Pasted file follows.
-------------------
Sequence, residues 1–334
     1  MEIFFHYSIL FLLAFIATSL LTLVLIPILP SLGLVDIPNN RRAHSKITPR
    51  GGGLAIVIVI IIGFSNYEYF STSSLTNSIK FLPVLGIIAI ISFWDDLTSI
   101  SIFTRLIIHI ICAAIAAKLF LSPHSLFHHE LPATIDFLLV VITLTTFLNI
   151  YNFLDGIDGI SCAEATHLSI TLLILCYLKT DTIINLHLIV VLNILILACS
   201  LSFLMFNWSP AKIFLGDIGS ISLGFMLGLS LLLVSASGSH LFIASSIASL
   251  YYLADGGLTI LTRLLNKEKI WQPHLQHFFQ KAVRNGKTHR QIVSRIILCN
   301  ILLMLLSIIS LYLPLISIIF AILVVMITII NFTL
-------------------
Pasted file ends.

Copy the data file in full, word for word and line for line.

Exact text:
Sequence, residues 1–334
     1  MEIFFHYSIL FLLAFIATSL LTLVLIPILP SLGLVDIPNN RRAHSKITPR
    51  GGGLAIVIVI IIGFSNYEYF STSSLTNSIK FLPVLGIIAI ISFWDDLTSI
   101  SIFTRLIIHI ICAAIAAKLF LSPHSLFHHE LPATIDFLLV VITLTTFLNI
   151  YNFLDGIDGI SCAEATHLSI TLLILCYLKT DTIINLHLIV VLNILILACS
   201  LSFLMFNWSP AKIFLGDIGS ISLGFMLGLS LLLVSASGSH LFIASSIASL
   251  YYLADGGLTI LTRLLNKEKI WQPHLQHFFQ KAVRNGKTHR QIVSRIILCN
   301  ILLMLLSIIS LYLPLISIIF AILVVMITII NFTL